Location: Cooper Brook Falls
The walk to Cooper Brook falls was uneventful and easy. It only took an hour and a half or so. I have completed my chores, and the sun will be up for a good while. I think I should start hiking for longer periods of time, yet it is hard to know how far or for how long I can push myself without a watch. Since I have very little backpacking experience, I think it would be best if I avoided a night hike in the 100 mile wilderness.
I am nearly halfway through the wilderness; Katahdin is 47 or so miles behind me, Monson about 53 ahead. I should be out in five days.
When I found Cooper Brook, I treated myself to a hot lunch. I ate chicken and rice with Tang, a pretty decent meal out here. Afterwards I sterilized my utensils and knives. Then, in a very bold move, I crept into Cooper Brook for a bath. The brook is about 30 yards wide and four feet deep in the swimming pool. A large waterfall rushes violently off a gradual slope into the pool. The rains contribute to its enormous size. The rocks on the bottom are slippery, and I feared injuring my feet on the rocks. I never got used to the cold mountain water. I’ve never known a colder shower nor known one more refreshing. I dried in the wind and the sun since I didn’t have a towel. This lean-to is located in one of the nicer locations. I’d be content spending a week here.
I have not craved a cigarette in days. I haven’t thought of cigarettes really at all on this trip, and only seeing a few butts in the fire pit remind me that I am a heavy smoker, and have been since I was a teenager. It has only been six days out of Katahdin, but I feel like it has been weeks. I haven’t held a conversation with anyone in five days. It is a strange feeling not to have talked to a person in so long. I’ve only spoken to alert bears that I am coming.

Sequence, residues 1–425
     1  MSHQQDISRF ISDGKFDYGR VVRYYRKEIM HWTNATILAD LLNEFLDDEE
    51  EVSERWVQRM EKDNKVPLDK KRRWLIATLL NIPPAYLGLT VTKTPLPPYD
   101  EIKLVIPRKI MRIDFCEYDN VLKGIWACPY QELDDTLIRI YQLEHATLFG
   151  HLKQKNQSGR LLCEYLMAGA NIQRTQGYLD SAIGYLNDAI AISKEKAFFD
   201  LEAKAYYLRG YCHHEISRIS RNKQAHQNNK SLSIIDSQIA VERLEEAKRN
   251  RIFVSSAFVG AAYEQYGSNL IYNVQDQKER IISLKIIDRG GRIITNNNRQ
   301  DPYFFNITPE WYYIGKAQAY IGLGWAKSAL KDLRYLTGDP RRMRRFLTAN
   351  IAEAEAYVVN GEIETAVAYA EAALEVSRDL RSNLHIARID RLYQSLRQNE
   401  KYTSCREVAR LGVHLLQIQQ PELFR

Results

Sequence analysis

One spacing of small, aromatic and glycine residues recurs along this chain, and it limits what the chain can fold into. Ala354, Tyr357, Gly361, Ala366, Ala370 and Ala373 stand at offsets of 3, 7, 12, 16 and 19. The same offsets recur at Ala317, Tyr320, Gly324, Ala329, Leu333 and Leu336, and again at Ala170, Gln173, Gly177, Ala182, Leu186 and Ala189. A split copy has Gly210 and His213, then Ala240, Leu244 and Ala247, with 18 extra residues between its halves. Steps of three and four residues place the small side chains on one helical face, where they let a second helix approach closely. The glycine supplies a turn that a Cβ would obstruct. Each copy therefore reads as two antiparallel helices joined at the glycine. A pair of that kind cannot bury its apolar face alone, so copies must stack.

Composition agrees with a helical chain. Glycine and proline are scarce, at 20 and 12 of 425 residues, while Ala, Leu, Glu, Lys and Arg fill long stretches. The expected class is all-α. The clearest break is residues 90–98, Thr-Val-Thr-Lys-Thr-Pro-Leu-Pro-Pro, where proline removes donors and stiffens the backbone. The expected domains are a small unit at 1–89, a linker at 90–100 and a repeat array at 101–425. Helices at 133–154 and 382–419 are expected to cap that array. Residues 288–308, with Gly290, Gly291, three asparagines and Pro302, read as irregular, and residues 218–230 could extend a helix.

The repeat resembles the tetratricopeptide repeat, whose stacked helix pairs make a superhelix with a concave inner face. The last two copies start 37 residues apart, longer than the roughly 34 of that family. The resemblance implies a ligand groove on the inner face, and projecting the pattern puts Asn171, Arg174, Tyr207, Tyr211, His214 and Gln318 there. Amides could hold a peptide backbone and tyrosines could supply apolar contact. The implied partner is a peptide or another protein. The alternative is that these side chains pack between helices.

I think I walked out of most of the biting bugs today. It happened instantaneously. They swarmed as usual in the lowland swamp, and then as I ascended a hill and felt significantly lower temperatures, the bugs disappeared. Once I reached Cooper Brook, I peeled off the salty clothes I’d been wearing for six days. I relaxed on the rocks while the freshwater fall softened the crispy creases and seams of my salty shirt and shorts. My sweat had hardened the fabric beneath the arms, on my chest and on my back. The clothes badly needed to be washed.
I just read in the lean-to register that Shaw’s has the best breakfast on the AT. I’ll make sure to stay there, but I have read many restaurant reviews by hikers in these registers and there are differing opinions on who has the best breakfast. At the moment, I’d devour a plate piled with burnt toast and undercooked bacon and then ask for a spoonful of gristle from the pan.
The wind keeps blowing. If I were in Carolina, I’d say a storm is approaching. I have taken my clothes off my clothesline in case of a spontaneous downpour, many of which I have already experienced in Maine.
I am thankful for a shower today. I was beginning to be offended by my own odor. I washed my matted hair, nappy beard, and dirty face. When I replaced my contacts after bathing, I examined my new facial hair in the tiny pocket mirror I carry. There are many blonde hairs sprouting from my chin and cheeks. They don’t well match my black buzz. I can’t wait to see my head in a month, then in three and then in six. Let’s see if I can stand to keep my neck prickles that long.
I am finished with all of my chores and out of things to write. Perhaps someone will come to the shelter so that I will have someone to talk to.
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